Apr 1, 2013, 12:16 AM EDT
If you wanted retaliation, you got it. Two games after
Claude Giroux was splattered all over the boards like insect on windshield to
no recourse from his teammates, Jakub Voracek stood up for his captain
immediately after a huge open-ice collision on Sunday. The result: four minutes
of 5-on-4 hockey for Washington, and a pair of power-play goals to put the
Capitals ahead 4-2 with 13 minutes remaining in the third period.
But just as Voracek went to bat for Giroux, G and the rest
of his Flyers teammates would do the same for Jake, in the process redefining what it can mean
to retaliate. The Bullies kept on retaliating until they tied
the score with 10 seconds left, kept on retaliating in overtime until they landed
the knockout blow in a rousing 5-4 win.
And as great a comeback as it was, this victory may have
meant more than the standard two points in the standings for a desperate team.
This felt like something of a defining performance from Giroux – not so much as
a player necessarily, but as a leader.
While the Flyers were saddled with Voracek’s (questionable) double-minor
for instigating and fighting with a visor, it was Giroux who was actually
responsible for the turnover that gave the Caps a 3-2 lead in the first place.
He got a little too cute with the puck during the penalty kill, skating it deep
into his own zone before attempting to clear. Alex Ovechkin nullified Giroux’s
stick, essentially gift-wrapping a goal for Marcus Johansson who took the play
to the wide-open slot and snapped the disc past Ilya Bryzgalov.
Less than a minute later the score was 4-2. Washington won an
offensive draw and cycled the puck to the opposite faceoff dot where Ovechkin
was all alone for the one-timer.
Giroux was visibly frustrated with himself. Bryz was visibly
frustrated by everything, throwing his Gatorade bottle toward the benches. Moments
later Scott Hartnell took out his frustrations with a slashing penalty. Voracek
had to take his out in the dressing room, serving a 10-minute misconduct for
instigating. The game was spiraling out of control.
The captain pulled it back together. The Flyers went on the
power play with seven minutes to play, where Kimmo Timonen set Giroux up for a
wicked slapper from his customary spot, a shot that seemed to bend time and
space as it whizzed into Washington netminder Braden Holtby’s top shelf. You
better believe Giroux was fired up for that Doop.
By the final shift in regulation, the momentum was squarely
in Philadelphia’s corner. Bryzgalov went to the bench, and for about 80 seconds
the orange sweaters were attacking the Capitals in waves. The Flyers were able
to sustain the pressure, the puck moving back and forth through Giroux throughout,
until finally Timonen found twine on his shot from the point. The Wells Fargo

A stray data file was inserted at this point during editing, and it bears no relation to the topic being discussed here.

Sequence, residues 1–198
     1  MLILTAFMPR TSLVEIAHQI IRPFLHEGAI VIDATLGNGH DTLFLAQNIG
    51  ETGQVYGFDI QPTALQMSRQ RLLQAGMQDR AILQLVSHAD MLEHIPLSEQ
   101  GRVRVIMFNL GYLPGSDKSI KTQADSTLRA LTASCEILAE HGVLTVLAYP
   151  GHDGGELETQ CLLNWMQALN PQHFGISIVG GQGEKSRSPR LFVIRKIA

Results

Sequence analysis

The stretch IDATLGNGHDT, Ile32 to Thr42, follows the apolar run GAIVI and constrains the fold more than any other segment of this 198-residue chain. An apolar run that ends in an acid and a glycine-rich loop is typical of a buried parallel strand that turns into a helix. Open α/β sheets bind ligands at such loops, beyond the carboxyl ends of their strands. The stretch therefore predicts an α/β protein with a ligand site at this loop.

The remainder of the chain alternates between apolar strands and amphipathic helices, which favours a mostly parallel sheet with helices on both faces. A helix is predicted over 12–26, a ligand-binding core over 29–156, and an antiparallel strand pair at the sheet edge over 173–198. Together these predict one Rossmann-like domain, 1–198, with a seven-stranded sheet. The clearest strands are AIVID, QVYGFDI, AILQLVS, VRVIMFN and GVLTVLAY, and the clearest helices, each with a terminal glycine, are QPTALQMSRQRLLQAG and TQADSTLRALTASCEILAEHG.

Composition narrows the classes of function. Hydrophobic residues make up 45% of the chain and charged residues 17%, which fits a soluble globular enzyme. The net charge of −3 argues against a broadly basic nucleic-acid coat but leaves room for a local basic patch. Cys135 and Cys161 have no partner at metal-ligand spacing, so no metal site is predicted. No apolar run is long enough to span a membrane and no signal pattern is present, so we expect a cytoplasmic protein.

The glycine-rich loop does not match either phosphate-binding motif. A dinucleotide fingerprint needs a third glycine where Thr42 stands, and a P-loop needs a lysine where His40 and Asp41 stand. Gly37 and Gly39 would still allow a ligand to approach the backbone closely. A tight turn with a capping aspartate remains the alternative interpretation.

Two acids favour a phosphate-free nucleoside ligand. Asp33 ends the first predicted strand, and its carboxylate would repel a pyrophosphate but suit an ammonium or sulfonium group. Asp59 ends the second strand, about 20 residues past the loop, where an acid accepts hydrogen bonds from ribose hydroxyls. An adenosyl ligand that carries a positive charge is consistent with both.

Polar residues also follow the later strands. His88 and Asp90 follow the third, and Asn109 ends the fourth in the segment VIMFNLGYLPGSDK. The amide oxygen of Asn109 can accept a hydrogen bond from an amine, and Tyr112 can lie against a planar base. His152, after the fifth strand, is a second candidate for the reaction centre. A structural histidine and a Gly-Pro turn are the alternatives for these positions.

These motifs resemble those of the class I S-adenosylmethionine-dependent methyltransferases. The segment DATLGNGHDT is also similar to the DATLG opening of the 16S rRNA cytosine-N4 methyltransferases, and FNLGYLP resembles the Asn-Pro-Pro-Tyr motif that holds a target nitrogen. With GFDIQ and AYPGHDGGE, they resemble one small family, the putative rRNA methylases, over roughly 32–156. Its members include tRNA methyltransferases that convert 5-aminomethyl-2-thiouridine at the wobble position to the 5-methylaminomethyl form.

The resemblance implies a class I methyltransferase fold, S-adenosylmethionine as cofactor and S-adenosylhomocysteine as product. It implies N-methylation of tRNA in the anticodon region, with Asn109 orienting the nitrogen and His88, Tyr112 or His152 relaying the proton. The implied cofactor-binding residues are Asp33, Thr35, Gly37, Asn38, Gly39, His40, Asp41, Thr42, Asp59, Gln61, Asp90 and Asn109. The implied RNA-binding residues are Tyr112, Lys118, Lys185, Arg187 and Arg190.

Center came unglued.
The Caps were not long for this world. In overtime Ruslan
Fedotenko ran a sweet give and go with Timonen, with Feds slipping the puck
underneath a lunging Holtby for the winner.
It was the type of effort followers had been waiting to see
all season, the Flyers finally overcoming adversity with the hopes of it jump-starting
their campaign. Every time we keep thinking it’s going to be too little too
late for that, they pull us back in. Believe it or not, Philly surprisingly is a
mere two points out of the eighth seed after picking up five points out of a possible
six over the last three.
With the Pittsburgh Penguins suffering multiple injuries
recently – including to Sidney Crosby (broken jaw) – a potential postseason opponent
suddenly looks a bit vulnerable.
Perhaps more important though, this was what we’ve been
waiting to see out of Giroux. He finished with one goal, two assists, seven
shots, three blocked shots and two hits, yet his night almost transcended
that of an all-star performance. Giroux practically willed his team to victory,
picking up Voracek, and for that matter himself, too. Maybe that’s the best
sign to date for a club that has looked uninspired far too often this year.
Maybe there is still a pulse there after all.
left the game with an apparent left knee injury late in the second
period after attempting to check Mike Green. Talbot missed everything
except the defenseman’s leg, his knee taking the brunt of hit collision,
and he was either unable or unwilling to put any weight on it from
there. Once Talbot made it back to the bench, he would have to be
carried to the back from there, though he did contribute a goal to the
Oliver Lauridsen made his second NHL
start, while veteran Kent Huskins – acquired from the Detroit Red Wings
over the weekend for a conditional draft pick – played his first game in
Orange & Black. None of the goals scored were particularly a result
of defensive breakdowns, so no complaints there for a change.
Timonen led Flyers’ scorers with four points. Matt Read lit the lamp for the second consecutive game after going over a month without a tally. Zac Rinaldo had seven hits in eight minutes of ice time. Bryzgalov stopped 25 of 29 shots.
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